Inside the CPU its not just path lengths, its edge timing and waveform shape, multi=layer chips make this easier but then you increase the thermal problems which almost invariably is the prime limiting factor on speed, any slow edge rise-time produce heat, any over-shoots produce heat, ringing produces heat. Its all got to be time and impedance simulated, this cannot be done by hand.

Any mechanical, chemical, biological, electrical, electronic or software based system can have faults, the advantage of software systems is that they can be tested and improved much more quickly and cheaper during development.

Look at satellites, the majority of significant avoidable faults that occur are mechanical/physical, I can't even recall a significant software fault occurring on any satellite. They are very thoroughly tested in extremely small production runs (often only one is produced).

An interesting debate that occurred a few years ago at a conference was:- a software product has four independent programming teams available, how many teams should be allocated to the production software and how many to the testing/simulation software. The (eventual) general consensus was one team on the production software and three on the testing/simulation software, almost everybody agreed on that but there was strong disagreement on the reasons for that choice.

I think I have raised every point I can think of now, thanks for the well behaved discussion, I value that greatly. I agree with your concerns to an extent but it is a matter of balancing risk against progress - there are a lot of crashes, the risk is currently higher than most of us would like, there is obvious scope for improvement using technology, nothing will be perfect.

Thanks again thumbsup


The further you are down the pay scale, the more 'essential' you are when the s--- hits the fan... Sue Farbysmith 2020

Insults are engendered from vulgar minds, like toadstools from a dunghill - Charles Caleb Colton

We don't do charity in Germany, We pay taxes. Charity is a failure of governments' responsibilities - Henning Wehn
Re: Self-driving cars can be brought to standstill [Re: Norton] #983438
14th Sep 2015 9:20am
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I too have enjoyed the discussion. It is a pleasure to have an exchange of views which do not involve the ad hominem attacks that spoil so many posts on the internet.

My point about electronic stability systems is that they are limited to controlling the power to the wheels of the car. If they fail to work, the driver is no worse off than if they didn't exist. Yes the car will require more careful driving, but that is all.

This differs from a self-driving vehicle, in that the vehicle is under full control of some kind of software. If it fails to work, an accident is almost inevitable.

I am well aware of the problems you mention in designing microchips. The tools include signal integrity software which is capable of modelling these effects, but only up to a point. I have never known a case where human intervention is not involved except where the design is extremely simple and non demanding. The point I was making, however, is that these tools are not involved in the design of the device. They are simply used to implement it. The design is always done by a human being, who uses the computer to plod through the sort of tedious but well understood computations necessary to implement it. I am not suggesting computers are not essential, but rather that they do nothing original. They simply crunch numbers according to human ingenuity.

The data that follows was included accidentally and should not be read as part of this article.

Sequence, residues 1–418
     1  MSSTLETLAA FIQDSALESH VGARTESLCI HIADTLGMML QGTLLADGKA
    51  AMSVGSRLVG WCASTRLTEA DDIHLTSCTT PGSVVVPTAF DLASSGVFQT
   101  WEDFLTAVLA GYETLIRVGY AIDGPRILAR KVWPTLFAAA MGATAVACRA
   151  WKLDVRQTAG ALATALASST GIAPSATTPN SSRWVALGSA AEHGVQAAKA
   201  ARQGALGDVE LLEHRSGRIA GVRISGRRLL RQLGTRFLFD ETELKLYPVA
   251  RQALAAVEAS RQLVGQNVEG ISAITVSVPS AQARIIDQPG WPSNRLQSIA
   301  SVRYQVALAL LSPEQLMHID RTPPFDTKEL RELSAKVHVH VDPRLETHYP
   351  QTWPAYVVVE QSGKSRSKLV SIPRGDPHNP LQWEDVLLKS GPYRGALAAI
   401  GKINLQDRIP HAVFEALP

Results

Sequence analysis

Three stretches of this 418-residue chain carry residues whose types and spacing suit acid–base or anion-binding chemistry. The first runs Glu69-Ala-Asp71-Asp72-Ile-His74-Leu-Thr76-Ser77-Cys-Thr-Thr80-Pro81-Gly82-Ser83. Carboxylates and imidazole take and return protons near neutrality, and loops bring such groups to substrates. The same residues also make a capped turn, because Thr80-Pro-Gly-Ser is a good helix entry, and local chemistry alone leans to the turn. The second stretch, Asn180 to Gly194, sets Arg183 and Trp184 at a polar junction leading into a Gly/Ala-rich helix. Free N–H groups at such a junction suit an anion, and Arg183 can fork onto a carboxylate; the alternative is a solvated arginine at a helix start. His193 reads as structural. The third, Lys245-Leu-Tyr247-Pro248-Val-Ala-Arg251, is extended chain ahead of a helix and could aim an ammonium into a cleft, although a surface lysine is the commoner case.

I think also that intuition is important in driving. One can often see that someone is in a hurry, and pull over to let them pass, simply from their style of driving. And on can tell by the fact that someone waits at a junction where they have priority that they are allowing you to go first etc. I can't really see how any currently available technology can be expected to handle interaction like this. We do it without having to think about it. A machine is deterministic and requires a defined universe to function properly

Finally, I think the fact that real time software is - in practice - impossible to fully test is worrying. It may be very unlikely to go wrong, but when it does it can do whatever it likes to the vehicle, and what it does is unpredictable.

I've done a lot of work over the years on equipment which is safety critical, and although software has been involved, the safety critical bit was always done in hardware. If you are careful you can give strong engineeering guarantees of the reliability of the system with hardware which is impossible in software.

I too, think the debugging phase requires far more work than the original code writing, by the way. This has a highly undesirable impact on development, as if there is a design change late in the debugging phase - even a simple one - it sets the debugging team back to square one and you lose a lot of time. The hardware can accommodate late changes very quickly.

We'll have to wait and see if self-driving cars ever become accepted on our roads in large numbers. Personally, I think it will be many decades or centuries before this comes about, and I am unlikely to see it.

Good discussion!